Monday, 6 February 2012

Diamond Jubilee celebrations

In celebration of the Queens Diamond Jubilee (60 years on the throne) we are celebrating by making bunting.
Bunting is a great easy decoration that can be as original and personal as you want it to be. It can be reused numerous times for parties and celebrations of every style. I am making a close friend some bunting for her baby shower to decorate the venue. I will then give her  the bunting as a gift to use as a decoration for her nursery. It is simple to make, brightens up every where it is placed and looks fabulous!

All you need is-
Paper, pins, pen, an assortment of fabric remnants, scissors, a sewing machine, thread and bias binding.

To make simply,

1. Using paper and a pen, make a triangle flag shape, the upper side of the triangle being shorter then the lower two sides. Cut out 30 flags by pinning the triangle to the fabric and cutting round it 30 times.
*I suggest a triangle with the two lower sides being 20cm and upper side being 19cm.

2. Un-pin the flags from the pattern. Marry each flags front to it's partner, the back. You will have 15 married paired flags in total.  For each pair place right sides together and sew 1cm along the two longer side, making a pocket with the top opening of the flag still open.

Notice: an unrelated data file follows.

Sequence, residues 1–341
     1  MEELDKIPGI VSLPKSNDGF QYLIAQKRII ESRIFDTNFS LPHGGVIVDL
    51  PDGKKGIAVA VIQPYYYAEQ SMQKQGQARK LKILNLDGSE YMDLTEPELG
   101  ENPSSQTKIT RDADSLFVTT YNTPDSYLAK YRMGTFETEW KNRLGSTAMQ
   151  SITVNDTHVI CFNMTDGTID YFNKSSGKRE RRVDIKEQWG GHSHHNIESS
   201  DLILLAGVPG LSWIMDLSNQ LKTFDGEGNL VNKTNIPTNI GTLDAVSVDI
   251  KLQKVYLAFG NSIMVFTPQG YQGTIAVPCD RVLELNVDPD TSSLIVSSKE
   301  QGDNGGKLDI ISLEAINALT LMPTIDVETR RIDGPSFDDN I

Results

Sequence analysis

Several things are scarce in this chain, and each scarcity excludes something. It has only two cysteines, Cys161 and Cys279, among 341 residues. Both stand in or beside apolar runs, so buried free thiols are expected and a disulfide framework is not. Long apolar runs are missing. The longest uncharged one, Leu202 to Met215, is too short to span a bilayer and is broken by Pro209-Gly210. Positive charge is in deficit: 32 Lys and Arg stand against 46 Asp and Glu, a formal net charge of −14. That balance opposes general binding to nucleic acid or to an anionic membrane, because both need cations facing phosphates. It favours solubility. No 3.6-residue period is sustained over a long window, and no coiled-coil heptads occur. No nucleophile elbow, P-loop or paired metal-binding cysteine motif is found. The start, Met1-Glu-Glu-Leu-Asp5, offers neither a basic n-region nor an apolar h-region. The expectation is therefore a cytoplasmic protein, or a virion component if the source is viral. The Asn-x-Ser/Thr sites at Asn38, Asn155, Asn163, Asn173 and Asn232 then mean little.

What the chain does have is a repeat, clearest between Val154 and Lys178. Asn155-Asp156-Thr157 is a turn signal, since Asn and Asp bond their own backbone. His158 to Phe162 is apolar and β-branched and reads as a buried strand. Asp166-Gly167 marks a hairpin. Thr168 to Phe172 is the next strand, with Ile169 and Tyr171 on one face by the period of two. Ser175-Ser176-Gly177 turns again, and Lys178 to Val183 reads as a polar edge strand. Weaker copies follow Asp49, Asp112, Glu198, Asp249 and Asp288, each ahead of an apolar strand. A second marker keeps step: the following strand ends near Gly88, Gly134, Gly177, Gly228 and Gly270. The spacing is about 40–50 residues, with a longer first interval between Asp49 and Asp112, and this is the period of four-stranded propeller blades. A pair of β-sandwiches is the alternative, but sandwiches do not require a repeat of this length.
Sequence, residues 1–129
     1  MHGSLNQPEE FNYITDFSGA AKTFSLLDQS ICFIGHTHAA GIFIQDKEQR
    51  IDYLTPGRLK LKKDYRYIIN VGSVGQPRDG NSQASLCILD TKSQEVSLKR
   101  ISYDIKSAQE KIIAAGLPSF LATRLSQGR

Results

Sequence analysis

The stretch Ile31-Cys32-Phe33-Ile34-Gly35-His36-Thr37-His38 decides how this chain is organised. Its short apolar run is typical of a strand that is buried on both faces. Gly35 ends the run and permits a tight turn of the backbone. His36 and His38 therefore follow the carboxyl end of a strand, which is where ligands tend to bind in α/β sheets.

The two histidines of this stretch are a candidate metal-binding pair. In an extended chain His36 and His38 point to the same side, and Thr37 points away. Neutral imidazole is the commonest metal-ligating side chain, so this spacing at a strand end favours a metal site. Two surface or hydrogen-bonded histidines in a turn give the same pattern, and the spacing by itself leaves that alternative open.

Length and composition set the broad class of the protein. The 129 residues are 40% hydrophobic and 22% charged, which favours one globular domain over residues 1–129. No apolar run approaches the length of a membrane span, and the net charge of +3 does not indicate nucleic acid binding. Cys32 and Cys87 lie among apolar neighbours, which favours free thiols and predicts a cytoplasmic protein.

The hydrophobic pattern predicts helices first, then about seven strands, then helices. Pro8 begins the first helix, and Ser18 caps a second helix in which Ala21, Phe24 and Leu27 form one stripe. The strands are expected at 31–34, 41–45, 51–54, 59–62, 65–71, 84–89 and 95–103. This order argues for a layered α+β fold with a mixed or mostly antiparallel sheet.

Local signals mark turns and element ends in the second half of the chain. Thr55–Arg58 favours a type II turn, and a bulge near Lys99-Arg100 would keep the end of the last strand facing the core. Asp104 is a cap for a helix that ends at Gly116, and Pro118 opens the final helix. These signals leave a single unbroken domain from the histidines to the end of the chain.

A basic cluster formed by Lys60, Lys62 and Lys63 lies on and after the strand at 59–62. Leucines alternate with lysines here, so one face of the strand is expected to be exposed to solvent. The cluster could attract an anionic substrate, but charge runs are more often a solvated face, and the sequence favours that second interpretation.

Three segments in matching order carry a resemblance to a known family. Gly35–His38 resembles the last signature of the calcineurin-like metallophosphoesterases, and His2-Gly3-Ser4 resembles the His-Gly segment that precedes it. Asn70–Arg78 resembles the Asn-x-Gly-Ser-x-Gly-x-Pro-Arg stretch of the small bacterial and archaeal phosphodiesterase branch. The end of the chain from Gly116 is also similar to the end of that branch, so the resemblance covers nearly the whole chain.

3. Cut the tip off the triangle horizontally within the seam allowance (leaving 3mm from the stitch line) to allow your point to be crisp when you turn it the correct way round.

3. Turn inside out and press each flag well ensuring that the seam lines are crisp.

4. Open out your bias binding and pin flags to the inside of the binding at equal intervals ensuring you leave 30cm at the beginning and end.
5. Stitch each flag into the open bias binding, securing it into place.
6. When each flag is stitched into place, fold over the bias binding and stitch it closed.
7. Either leave your bunting as it is or decorate it in any way you like.

Now, put it up using the long ends to tie it up and CELEBRATE!!!!!

*Funny terminology  I have used
  • Press, to iron
  • Seam Allowance, This refers to the area between the stitching line and the raw cut edge of the fabric. 

  • Right side/Wrong side, Most fabrics have wrong sides and right side. The wrong side is the side of the fabric you don't want to see. The Right side is the side you do want to see. 

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